Brain injury due to neonatal hypoxia-ischemia (HI) is more homogenously severe in male than in female mice. Because, necrostatin-1 (nec-1) prevents injury progression only in male mice, we hypothesized that changes in brain-derived neurotrophic factor (BDNF) signaling after HI and nec-1 are also sex-specific providing differential conditions to promote recovery of those more severely injured. The increased aromatization of testosterone in male mice during early development and the link between 17-β-estradiol (E2) levels and BDNF transcription substantiate this hypothesis. Hence, we aimed to investigate if sexual differences in BDNF signaling existed in forebrain and diencephalon after HI and HI/nec-1 and their correlation with estrogen receptors (ER). C57B6 mice (p7) received nec-1 (0.1. μl [8. μM]) or vehicle (veh) intracerebroventricularly after HI. At 24. h after HI, BDNF levels increased in both sexes in forebrain without evidence of tropomyosin-receptor-kinase B (TrkB) activation. At 96. h after HI, BDNF levels in forebrain decreased below those seen in control mice of both sexes. Additionally, only in female mice, truncated TrkB (Tc.TrkB) and p75 neurotrophic receptor (p75ntr) levels increased in forebrain and diencephalon. In both, forebrain and diencephalon, nec-1 treatment increased BDNF levels and TrkB activation in male mice while, nec-1 prevented Tc.TrkB and p75ntr increases in female mice. While E2 levels were unchanged by HI or HI/nec-1 in either sex or treatment, ERα:ERβ ratios were increased in diencephalon of nec-1-treated male mice and directly correlated with BDNF levels. Neonatal HI produces sex-specific signaling changes in the BDNF system, that are differentially modulated by nec-1. The regional differences in BDNF levels may be a consequence of injury severity after HI, but sexual differences in response to nec-1 after HI may represent a differential thalamo-cortical preservation or alternatively off-target regional effect of nec-1. The biological significance of ERα predominance and its correlation with BDNF levels is still unclear.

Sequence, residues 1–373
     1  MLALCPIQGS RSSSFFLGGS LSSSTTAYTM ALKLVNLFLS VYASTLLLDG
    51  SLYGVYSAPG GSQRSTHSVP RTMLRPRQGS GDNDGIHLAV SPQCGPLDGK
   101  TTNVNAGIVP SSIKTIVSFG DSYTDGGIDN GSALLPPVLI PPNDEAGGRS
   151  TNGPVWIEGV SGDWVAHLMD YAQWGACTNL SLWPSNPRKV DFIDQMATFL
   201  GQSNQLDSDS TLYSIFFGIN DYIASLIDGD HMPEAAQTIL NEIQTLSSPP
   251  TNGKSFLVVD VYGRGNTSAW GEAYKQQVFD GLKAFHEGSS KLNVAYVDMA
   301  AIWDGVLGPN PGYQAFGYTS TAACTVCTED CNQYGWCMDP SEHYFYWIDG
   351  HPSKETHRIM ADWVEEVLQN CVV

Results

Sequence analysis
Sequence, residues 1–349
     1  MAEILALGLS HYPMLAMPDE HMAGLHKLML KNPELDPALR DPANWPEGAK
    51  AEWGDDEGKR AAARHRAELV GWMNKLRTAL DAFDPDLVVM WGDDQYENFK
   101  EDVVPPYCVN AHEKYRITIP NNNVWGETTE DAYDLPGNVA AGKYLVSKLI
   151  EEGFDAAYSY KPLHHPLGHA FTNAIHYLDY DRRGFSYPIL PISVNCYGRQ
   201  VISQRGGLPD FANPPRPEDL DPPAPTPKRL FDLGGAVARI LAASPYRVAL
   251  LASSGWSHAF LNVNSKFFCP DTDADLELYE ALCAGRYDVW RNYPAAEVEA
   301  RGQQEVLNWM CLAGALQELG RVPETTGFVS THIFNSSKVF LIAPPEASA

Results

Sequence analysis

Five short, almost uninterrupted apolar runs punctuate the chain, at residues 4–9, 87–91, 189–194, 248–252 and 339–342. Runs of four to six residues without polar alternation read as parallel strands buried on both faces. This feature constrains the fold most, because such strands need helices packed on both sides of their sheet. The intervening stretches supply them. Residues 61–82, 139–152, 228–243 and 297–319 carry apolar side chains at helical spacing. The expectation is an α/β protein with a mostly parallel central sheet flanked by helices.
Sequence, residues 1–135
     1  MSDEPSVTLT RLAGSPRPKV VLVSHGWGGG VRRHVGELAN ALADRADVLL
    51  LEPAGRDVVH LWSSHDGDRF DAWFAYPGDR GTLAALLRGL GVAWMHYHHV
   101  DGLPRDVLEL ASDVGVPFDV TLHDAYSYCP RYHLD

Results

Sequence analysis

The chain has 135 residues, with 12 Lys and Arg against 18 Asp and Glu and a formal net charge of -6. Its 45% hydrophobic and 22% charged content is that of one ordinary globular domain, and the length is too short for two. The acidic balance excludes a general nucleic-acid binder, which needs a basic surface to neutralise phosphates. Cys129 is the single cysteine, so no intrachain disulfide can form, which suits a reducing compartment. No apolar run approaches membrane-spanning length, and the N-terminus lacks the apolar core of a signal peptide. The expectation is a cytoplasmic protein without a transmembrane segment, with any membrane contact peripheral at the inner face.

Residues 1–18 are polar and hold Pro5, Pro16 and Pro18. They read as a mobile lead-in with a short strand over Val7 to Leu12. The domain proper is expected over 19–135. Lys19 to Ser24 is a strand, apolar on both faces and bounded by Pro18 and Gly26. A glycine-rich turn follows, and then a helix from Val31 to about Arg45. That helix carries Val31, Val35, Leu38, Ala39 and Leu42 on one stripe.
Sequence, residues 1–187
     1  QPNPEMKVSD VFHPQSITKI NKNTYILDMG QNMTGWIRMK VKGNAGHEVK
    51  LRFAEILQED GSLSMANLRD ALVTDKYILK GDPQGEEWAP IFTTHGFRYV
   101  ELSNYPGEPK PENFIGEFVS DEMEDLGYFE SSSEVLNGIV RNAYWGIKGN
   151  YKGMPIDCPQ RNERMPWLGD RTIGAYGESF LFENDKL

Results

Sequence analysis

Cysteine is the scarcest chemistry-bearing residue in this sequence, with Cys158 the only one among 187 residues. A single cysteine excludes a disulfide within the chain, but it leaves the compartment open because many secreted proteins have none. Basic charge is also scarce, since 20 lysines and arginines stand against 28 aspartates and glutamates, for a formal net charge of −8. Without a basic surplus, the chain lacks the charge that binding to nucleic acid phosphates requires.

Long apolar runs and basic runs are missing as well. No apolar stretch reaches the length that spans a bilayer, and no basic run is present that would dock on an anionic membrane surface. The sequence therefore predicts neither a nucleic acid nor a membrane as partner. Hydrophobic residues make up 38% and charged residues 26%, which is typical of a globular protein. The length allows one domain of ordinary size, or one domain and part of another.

|Original language||English (US)|
|Number of pages||14|
|State||Published - Feb 28 2014|
- Truncated TrkB receptor
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